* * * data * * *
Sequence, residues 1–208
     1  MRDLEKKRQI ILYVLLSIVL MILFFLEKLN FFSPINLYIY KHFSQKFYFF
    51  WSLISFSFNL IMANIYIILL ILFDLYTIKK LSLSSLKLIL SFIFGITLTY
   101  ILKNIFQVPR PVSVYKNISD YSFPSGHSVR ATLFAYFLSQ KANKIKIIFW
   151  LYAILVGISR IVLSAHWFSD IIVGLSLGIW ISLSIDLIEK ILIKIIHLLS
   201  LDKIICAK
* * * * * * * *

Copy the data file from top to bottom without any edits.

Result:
Sequence, residues 1–208
     1  MRDLEKKRQI ILYVLLSIVL MILFFLEKLN FFSPINLYIY KHFSQKFYFF
    51  WSLISFSFNL IMANIYIILL ILFDLYTIKK LSLSSLKLIL SFIFGITLTY
   101  ILKNIFQVPR PVSVYKNISD YSFPSGHSVR ATLFAYFLSQ KANKIKIIFW
   151  LYAILVGISR IVLSAHWFSD IIVGLSLGIW ISLSIDLIEK ILIKIIHLLS
   201  LDKIICAK